15 Should ill children be vaccinated? Children, who are ill, such as running a fever, are not vaccinated. Children who have a mild cold can be vaccinated. Can a vaccination be postponed? If a vaccination is postponed, for instance due to illness, the vaccination series does not have to be started over. Side effects Side effects from vaccines are rare. The side effects are less serious than the conditions, which children risk to suffer from if they are not vaccinated. During a vaccination series, most children will experience a mild reaction at some point, for example, swelling at the vaccination site, brief fever or a rash. About 500,000 vaccinations are administered to children annually in Denmark. And about 400 cases of side effects that may be caused by the vaccines are reported each year. Most are local swelling at the injection site, rash or fever. Young children who have been vaccinated may also become irritable or drowsy, sleep poorly, vomit or have diarrhoea and reduced appetite. Less frequent side effects include febrile seizures and a few more serious side effects. You can find more information about side effects at Do not forget to report side effects! General practitioners are required to notify the Danish Health and Medicines Authority of any severe or unexpected side effects. 13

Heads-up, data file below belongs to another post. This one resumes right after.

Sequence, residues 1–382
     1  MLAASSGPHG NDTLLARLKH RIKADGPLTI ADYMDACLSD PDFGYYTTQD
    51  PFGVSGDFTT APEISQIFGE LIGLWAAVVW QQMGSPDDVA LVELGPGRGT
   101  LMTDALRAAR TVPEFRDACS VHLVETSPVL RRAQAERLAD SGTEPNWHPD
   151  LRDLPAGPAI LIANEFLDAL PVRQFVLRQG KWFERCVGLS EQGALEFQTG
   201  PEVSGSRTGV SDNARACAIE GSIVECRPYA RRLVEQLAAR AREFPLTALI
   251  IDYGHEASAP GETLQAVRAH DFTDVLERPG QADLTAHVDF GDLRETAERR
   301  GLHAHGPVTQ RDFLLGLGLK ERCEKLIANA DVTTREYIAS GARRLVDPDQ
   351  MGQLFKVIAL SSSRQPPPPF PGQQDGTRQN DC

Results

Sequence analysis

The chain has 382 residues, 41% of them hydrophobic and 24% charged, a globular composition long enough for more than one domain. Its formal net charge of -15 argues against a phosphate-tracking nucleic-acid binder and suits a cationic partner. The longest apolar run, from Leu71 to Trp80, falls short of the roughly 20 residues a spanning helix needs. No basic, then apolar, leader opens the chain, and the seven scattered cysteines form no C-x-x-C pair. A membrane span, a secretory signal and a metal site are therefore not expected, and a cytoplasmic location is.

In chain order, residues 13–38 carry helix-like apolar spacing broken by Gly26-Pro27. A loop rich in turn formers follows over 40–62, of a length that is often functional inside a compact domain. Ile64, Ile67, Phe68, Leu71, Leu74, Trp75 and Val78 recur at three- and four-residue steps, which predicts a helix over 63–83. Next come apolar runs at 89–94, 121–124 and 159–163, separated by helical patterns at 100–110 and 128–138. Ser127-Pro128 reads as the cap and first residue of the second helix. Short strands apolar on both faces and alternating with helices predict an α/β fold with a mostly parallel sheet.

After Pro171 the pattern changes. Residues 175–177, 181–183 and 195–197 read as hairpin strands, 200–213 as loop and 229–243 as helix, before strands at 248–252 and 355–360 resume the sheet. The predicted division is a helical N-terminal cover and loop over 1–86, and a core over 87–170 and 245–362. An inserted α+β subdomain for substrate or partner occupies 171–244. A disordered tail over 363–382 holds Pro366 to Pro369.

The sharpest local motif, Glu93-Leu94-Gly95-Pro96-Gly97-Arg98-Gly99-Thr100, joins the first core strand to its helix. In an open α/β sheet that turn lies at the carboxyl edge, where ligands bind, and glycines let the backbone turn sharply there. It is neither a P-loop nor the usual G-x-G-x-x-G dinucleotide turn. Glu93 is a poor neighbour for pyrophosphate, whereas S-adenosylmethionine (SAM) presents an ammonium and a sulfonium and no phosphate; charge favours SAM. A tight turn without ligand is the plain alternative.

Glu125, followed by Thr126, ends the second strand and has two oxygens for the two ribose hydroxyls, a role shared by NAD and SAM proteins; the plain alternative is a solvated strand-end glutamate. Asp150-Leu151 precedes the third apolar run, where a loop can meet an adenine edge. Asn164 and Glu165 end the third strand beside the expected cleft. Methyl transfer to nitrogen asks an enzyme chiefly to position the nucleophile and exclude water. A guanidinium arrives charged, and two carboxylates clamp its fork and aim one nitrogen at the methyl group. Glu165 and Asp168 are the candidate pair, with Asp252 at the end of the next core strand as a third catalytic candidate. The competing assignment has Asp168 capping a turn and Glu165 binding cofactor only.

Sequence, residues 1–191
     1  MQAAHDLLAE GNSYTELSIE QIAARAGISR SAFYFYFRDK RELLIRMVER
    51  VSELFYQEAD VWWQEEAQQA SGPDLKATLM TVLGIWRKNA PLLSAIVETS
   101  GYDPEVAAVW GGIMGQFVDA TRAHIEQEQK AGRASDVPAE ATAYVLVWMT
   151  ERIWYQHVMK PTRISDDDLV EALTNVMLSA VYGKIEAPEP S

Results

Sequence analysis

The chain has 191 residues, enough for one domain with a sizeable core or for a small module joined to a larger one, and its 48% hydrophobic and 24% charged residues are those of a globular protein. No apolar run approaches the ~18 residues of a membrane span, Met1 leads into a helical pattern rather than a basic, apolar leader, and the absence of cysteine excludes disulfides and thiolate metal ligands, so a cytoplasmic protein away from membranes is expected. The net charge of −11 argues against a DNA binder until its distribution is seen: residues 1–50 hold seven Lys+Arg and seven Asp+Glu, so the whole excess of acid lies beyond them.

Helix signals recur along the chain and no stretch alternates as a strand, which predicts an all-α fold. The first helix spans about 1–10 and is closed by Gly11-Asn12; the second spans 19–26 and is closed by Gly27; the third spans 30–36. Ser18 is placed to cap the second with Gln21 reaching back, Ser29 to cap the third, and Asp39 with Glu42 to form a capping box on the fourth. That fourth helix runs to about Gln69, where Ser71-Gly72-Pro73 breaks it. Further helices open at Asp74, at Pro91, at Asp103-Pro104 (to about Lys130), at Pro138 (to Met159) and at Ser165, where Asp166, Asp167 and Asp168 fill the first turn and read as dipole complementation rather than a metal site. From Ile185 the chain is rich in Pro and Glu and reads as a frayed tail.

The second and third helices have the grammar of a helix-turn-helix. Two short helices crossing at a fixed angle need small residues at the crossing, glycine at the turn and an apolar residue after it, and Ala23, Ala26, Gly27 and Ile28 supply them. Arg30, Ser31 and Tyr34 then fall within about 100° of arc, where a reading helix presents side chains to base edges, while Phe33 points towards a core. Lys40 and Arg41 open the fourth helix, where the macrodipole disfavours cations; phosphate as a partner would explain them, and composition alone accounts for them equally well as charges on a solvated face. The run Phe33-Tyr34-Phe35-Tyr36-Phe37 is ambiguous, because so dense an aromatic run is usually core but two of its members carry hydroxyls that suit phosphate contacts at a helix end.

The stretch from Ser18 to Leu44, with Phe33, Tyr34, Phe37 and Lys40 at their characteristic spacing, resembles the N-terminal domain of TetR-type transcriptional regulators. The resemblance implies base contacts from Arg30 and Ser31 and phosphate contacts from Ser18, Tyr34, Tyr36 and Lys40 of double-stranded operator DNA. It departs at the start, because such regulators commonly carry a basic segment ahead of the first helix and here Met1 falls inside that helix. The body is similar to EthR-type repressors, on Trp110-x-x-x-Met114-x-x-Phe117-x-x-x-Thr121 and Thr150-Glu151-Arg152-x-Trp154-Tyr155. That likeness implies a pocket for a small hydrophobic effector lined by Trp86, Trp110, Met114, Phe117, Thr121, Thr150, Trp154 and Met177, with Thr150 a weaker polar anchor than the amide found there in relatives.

16 Patients and their relatives can also report side effects at meldenbivirkning.dk (also in English) You may claim compensation from the Danish Patient Insurance Association if your child suffers permanent injury caused by vaccination. Ill from the vaccine or just ill! Young children occasionally acquire infections or other diseases during the period in which the vaccination is administered. You should consider to take your child to see a general practitioner if the child seems ill in the days after vaccination. The effects and any side effects of the vaccines The general practitioner who administers the vaccination must inform the child and the parents about effects and side effects of the vaccines. The general practitioner should also hand out the package leaflet, which describes known side effects of the vaccine. You can find the package leaflet in Danish at and information in English and other languages at Diphtheria, tetanus, pertussis, polio and Haemophilus influenzae type b vaccine The vaccine used against diphtheria, tetanus, pertussis, polio and Haemophilus influenzae type b is administered to children three times: at 3, 5 and 12 months. The vaccine comprises completely detoxified components of the toxoids of the bacteria that cause diphtheria, tetanus and pertussis as well as inactivated poliovirus and components of the inactivated Haemophilus influenzae type b bacteria. 14